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We Love Fireworks! Our Pets? Not So Much

The time of year has arrived again where the skies light up with (mostly legal) fireworks, and the ground cannons echo throughout entire neighborhoods. I personally LOVE fireworks; my kitties do not. One shimmies her chubby little body under the couch, another hides under the comforter on the bed, and our not-so-wild jungle kitty retreats to her safety zone in the garage. While I wish we also had a dog or two, when the night sky explodes, I am glad we do not, because they seem to take fireworks the worst. So, what can you do when the bombs are bursting in air to keep your pets safe, or aspirationally, calm?

Pheromones– there are some scents that are supposed to calm animals. I have tried several and not had any success, but others have reported that certain scents can have a calming effect. You can ask at your veterinarian’s office or at your local pet store for suggestions. They come in sprays, wall plug-ins, and other methods of delivery.

Distraction– some things that may help include making sure all windows are closed (for sound) and curtains drawn (for the flashes of light). If it is harder for them to hear and see, their anxiety levels may decrease. It also helps if you do not react to the goings on outside.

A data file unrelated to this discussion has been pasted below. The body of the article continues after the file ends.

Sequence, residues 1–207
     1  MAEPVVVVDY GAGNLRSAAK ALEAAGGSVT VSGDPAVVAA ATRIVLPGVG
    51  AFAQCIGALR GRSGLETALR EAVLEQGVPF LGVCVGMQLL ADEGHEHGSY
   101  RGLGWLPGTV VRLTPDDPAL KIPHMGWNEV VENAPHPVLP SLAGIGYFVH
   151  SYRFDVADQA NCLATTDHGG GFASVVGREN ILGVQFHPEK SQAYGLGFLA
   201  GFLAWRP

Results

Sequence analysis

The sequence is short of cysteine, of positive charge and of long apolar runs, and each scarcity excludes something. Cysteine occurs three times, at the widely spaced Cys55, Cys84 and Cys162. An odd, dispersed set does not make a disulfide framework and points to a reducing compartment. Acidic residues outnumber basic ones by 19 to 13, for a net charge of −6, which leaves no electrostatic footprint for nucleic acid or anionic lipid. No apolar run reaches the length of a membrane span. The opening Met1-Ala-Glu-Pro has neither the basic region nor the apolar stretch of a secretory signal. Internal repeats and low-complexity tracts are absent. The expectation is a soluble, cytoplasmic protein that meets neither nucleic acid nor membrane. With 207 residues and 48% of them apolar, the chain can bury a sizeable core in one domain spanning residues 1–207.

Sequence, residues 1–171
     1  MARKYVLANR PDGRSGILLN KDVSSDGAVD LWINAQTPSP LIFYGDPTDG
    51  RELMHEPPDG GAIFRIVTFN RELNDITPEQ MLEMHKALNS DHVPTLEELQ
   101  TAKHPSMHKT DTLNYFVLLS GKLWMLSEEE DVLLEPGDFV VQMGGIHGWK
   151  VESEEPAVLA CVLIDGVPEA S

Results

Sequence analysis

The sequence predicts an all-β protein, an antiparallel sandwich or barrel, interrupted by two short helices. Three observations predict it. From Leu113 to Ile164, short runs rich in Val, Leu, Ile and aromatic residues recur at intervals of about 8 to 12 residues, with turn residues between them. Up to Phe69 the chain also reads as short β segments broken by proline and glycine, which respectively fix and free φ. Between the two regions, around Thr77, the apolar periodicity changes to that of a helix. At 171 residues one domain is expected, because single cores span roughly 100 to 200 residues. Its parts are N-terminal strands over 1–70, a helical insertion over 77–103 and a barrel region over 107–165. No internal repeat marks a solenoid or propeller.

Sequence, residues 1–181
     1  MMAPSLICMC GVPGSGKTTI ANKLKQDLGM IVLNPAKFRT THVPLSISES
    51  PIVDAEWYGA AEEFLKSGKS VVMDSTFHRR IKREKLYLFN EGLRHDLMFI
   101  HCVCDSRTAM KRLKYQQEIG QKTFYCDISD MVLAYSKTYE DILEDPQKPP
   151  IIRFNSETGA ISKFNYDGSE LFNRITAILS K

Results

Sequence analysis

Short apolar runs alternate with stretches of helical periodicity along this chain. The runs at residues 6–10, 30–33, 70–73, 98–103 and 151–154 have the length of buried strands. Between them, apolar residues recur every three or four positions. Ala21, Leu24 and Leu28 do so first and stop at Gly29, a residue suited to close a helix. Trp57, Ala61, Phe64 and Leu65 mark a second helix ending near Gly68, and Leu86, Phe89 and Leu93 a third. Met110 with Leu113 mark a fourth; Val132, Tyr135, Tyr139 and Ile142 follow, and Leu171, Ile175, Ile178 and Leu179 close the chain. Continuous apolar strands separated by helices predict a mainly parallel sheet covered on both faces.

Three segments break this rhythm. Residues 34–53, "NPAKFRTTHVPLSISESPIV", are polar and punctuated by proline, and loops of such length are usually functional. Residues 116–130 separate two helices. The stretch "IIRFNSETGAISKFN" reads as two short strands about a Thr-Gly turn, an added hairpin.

Another way to distract your pets is by turning music or the television on to stifle the noise of fireworks. Get your pet their favorite toy and settle in for a good movie (I hear “Pets 2” is good) with popcorn to share with your furry friend.

Drugs: yes, drugs. Turns out that many of the same drugs that lessen anxiety in people, lessen anxiety in pets. THIS DOES NOT MEAN YOU SHOULD SHARE YOUR XANAX WITH YOUR DOG/CAT/GOAT. If your pet experiences anxiety each fireworks season here in Hawaii (and how many are there here- 4? 5?), talk to your veterinarian about what medications would be best for your pet. Keep in mind that prescription medications usually need to be started several weeks before the anticipated scary event. There are some over the counter naturopathic options such as milk thistle, essential oils, anti-anxiety clothing (think thunder shirts), and aromatherapy. Again, do not just go out and buy all the anti-anxiety supplements at your local natural foods store- talk to your veterinarian first. You may also find that CBD oil or CBD treats help calm your pet. For these treatments, be sure not to exceed the recommended dosage.

Bottom line is that if you have a pet, you likely care deeply for its health and safety, and you hate to see him/her/them suffer during fireworks season(s). Above all else, try to keep your pet inside or in a secure location where he/she is safe and unable to escape. The last thing you want to do on New Year’s Day is to have to form a search party for your beloved four-legged friend who ran away due to fireworks.

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